In September 1997, China announced that work-teams conducting a "patriotic reeducation campaign" had covered 1,780 of Tibet's 1,787 monasteries and temples and 30,000 of the 46,000 monks had received reeducation. In December, reeducation expanded beyond the monasteries to the general population. This campaign, launched in May 1996, is the latest installment of numerous programs to reeducate Tibetans into accepting their designation as a minority group within the big family of the Chinese motherland.
One month earlier, on April 6th, the national ``Strike Hard" anti-crime campaign began. Its stated aim is to crush crime and corruption, but in Tibet the focus is largely on "splittist activities." Together, the two campaigns are the two arms of Beijing's attack on the Tibetan independence movement. Though subtler than the frenzied violence of the Cultural Revolution, the intention of the present campaign is similar: destroying the foundation of Tibetan culture. China is willing to allow traditional dress and some colorful ceremony, but only as quaint window dressing for its most picturesque colony.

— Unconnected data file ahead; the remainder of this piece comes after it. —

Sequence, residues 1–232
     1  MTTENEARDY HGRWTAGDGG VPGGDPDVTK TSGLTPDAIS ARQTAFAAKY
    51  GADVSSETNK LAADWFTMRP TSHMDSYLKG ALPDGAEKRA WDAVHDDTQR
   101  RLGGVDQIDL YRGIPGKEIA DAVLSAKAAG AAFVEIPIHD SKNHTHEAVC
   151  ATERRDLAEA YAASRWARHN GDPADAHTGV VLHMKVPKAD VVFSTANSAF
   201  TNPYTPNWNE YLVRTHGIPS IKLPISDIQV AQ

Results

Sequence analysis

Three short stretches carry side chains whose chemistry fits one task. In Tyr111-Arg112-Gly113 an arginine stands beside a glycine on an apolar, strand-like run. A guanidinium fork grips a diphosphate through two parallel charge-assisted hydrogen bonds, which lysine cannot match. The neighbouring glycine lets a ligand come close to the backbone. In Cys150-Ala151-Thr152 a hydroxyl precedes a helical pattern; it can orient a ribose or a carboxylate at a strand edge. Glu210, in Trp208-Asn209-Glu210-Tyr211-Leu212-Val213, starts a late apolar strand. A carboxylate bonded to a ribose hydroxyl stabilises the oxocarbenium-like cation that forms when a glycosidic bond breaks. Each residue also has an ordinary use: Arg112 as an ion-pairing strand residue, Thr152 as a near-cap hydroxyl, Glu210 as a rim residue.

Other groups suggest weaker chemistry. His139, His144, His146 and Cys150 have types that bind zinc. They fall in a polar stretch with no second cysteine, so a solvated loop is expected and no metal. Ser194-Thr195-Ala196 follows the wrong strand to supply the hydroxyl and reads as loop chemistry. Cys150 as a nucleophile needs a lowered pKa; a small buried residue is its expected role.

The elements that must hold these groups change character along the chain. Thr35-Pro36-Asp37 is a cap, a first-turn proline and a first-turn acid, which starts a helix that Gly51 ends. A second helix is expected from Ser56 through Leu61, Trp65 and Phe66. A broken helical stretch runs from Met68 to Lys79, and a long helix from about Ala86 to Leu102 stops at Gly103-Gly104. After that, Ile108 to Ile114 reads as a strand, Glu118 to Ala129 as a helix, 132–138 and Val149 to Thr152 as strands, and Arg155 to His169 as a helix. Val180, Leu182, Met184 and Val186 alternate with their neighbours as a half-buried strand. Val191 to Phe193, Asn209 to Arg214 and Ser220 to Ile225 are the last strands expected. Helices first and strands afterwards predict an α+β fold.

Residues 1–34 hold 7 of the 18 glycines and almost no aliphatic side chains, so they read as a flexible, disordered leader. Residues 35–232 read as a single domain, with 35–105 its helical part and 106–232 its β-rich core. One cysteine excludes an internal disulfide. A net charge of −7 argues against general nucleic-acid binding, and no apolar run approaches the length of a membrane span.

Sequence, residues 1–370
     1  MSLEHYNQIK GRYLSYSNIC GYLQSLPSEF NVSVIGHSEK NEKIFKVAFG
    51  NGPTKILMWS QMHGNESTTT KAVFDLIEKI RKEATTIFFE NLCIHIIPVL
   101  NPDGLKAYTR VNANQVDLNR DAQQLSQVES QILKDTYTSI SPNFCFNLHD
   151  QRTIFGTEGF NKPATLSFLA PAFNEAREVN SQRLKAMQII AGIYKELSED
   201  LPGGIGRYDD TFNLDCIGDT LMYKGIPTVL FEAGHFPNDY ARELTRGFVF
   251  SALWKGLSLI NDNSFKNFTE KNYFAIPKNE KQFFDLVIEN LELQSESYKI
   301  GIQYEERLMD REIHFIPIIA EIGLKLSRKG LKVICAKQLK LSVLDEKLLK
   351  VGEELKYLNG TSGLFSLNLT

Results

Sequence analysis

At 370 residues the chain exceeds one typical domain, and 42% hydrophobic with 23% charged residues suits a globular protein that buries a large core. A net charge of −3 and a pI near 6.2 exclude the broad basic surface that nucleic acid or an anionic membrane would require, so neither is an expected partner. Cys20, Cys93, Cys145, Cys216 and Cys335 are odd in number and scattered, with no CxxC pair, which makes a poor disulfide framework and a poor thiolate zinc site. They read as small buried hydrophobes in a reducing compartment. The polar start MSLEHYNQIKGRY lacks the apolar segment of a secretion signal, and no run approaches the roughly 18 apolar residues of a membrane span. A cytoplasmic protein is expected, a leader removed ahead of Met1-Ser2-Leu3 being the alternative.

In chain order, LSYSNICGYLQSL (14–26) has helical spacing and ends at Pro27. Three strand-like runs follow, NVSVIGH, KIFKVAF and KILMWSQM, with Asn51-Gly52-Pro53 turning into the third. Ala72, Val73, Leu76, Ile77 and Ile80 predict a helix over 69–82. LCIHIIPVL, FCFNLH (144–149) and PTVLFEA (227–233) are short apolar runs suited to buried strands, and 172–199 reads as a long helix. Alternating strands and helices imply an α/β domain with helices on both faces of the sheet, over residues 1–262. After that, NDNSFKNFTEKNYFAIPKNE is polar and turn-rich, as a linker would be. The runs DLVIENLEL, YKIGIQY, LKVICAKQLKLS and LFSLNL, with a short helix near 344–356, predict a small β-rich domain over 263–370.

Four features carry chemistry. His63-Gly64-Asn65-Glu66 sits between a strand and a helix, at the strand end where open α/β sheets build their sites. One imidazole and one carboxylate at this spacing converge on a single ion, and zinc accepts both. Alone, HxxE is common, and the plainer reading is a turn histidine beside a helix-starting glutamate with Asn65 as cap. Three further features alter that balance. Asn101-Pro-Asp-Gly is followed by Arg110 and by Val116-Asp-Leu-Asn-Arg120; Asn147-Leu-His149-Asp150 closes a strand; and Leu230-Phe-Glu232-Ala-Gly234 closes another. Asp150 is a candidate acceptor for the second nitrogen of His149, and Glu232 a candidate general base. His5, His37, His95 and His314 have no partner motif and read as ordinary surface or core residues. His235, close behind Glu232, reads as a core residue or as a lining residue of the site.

Tibet's history, government and territory must remain in the hands of Beijing.
The work-teams are composed mainly of Public Security Bureau (PSB) officials. Some of the team members are Tibetan, but most are Chinese. The teams lead extended reeducation sessions, often three or four days a week for three months or more. The teams' main goals are to identify and expel monks and nuns they deem unpatriotic and to extract loyalty pledges from those remaining. The pledge includes denunciation of the Dalai Lama as well as acceptance of Chinese version of Tibet's history. The teams appear to prefer intimidation over logic and documentation in trying to convince the monks and nuns of the rightness of China's claims of sovereignty. According to the monks, the team members carry weapons and don't hesitate to...